Compose advanced SELECT statements

This section increases the scope of what you can do with the SELECT statement and enables you to perform more complex database queries and data manipulation. Compose SELECT statements, focused on five of the clauses in the SELECT statement syntax. This section adds the GROUP BY clause and the HAVING clause. You can use the GROUP BY clause with aggregate functions to organize rows returned by the FROM clause. You can include a HAVING clause to place conditions on the values that the GROUP BY clause returns.

This section also extends the earlier discussion of joins. It illustrates self-joins, which enable you to join a table to itself, and four kinds of outer joins, in which you apply the keyword OUTER to treat two or more joined tables unequally. It also introduces correlated and uncorrelated subqueries and their operational keywords, shows how to combine queries with the UNION operator, and defines the set operations known as union, intersection, and difference.

Examples in this section show how to use some or all of the SELECT statement clauses in your queries. The clauses must appear in the following order:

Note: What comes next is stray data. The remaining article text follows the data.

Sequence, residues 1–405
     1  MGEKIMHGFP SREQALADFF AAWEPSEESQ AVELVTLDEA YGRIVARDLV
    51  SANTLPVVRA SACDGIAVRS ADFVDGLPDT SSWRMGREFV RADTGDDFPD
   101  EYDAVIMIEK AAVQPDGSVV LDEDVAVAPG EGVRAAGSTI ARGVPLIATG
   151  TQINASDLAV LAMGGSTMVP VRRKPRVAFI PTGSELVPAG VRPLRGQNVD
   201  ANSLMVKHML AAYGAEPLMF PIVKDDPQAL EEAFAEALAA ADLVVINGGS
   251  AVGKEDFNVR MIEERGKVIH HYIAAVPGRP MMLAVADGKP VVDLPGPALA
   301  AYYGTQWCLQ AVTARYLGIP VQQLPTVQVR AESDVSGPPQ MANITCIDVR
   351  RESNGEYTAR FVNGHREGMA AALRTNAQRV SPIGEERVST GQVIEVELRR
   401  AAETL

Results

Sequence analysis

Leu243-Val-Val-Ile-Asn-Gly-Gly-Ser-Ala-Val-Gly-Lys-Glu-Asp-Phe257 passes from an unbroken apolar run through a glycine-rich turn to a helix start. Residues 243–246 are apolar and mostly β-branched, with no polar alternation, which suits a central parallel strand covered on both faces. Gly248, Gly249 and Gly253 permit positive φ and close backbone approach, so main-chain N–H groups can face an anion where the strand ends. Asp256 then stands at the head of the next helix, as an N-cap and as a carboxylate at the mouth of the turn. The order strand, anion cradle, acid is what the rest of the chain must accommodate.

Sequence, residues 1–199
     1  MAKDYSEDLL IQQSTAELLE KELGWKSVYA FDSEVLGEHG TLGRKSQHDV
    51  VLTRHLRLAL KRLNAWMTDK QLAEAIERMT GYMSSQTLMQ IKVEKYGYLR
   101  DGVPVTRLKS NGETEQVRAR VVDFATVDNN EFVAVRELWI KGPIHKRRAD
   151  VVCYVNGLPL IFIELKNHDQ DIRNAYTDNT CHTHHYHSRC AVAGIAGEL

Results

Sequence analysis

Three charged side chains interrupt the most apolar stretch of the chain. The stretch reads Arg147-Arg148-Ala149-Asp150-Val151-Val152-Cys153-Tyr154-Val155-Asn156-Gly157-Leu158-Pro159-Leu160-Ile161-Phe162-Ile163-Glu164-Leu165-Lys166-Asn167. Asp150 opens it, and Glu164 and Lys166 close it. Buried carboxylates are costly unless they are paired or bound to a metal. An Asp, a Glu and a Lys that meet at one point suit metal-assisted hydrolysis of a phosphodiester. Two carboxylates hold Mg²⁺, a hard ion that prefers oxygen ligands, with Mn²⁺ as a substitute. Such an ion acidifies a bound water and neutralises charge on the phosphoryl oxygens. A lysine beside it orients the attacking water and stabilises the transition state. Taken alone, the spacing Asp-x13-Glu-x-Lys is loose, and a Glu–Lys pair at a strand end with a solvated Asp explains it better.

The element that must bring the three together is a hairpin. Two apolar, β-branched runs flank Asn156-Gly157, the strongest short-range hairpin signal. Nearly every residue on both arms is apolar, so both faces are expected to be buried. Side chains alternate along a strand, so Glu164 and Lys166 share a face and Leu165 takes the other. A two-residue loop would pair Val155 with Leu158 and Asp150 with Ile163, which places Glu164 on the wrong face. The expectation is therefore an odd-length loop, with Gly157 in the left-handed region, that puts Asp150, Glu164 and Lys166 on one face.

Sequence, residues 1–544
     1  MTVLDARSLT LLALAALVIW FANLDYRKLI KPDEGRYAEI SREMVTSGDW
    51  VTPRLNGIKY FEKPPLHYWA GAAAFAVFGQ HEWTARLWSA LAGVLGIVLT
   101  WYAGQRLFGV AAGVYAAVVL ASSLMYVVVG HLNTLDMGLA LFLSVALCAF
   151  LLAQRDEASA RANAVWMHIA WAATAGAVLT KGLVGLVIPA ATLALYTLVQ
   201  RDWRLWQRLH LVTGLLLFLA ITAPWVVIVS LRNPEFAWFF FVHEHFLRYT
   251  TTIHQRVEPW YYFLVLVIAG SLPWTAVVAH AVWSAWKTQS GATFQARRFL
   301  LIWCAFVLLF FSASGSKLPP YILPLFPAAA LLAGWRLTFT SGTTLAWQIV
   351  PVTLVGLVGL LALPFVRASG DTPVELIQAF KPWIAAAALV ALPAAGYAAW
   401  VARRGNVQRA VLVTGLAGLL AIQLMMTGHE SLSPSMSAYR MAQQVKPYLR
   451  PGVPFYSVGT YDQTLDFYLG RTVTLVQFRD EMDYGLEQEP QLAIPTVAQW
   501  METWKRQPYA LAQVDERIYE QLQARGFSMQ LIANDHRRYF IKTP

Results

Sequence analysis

1. Projection
  2. FROM
  3. WHERE

For an example of a SELECT statement that uses all these clauses in the correct order, see Query.

An additional SELECT statement clause, INTO, which you can use to specify program and host variables in SQL APIs, is described in SQL programming, as well as in the publications that come with the product.

This section also describes nested SELECT statements, in which subqueries are specified within the Projection, FROM, or WHERE clauses of the main query. Other sections show how SELECT statements can define and manipulate collections, and how to perform set operations on query results.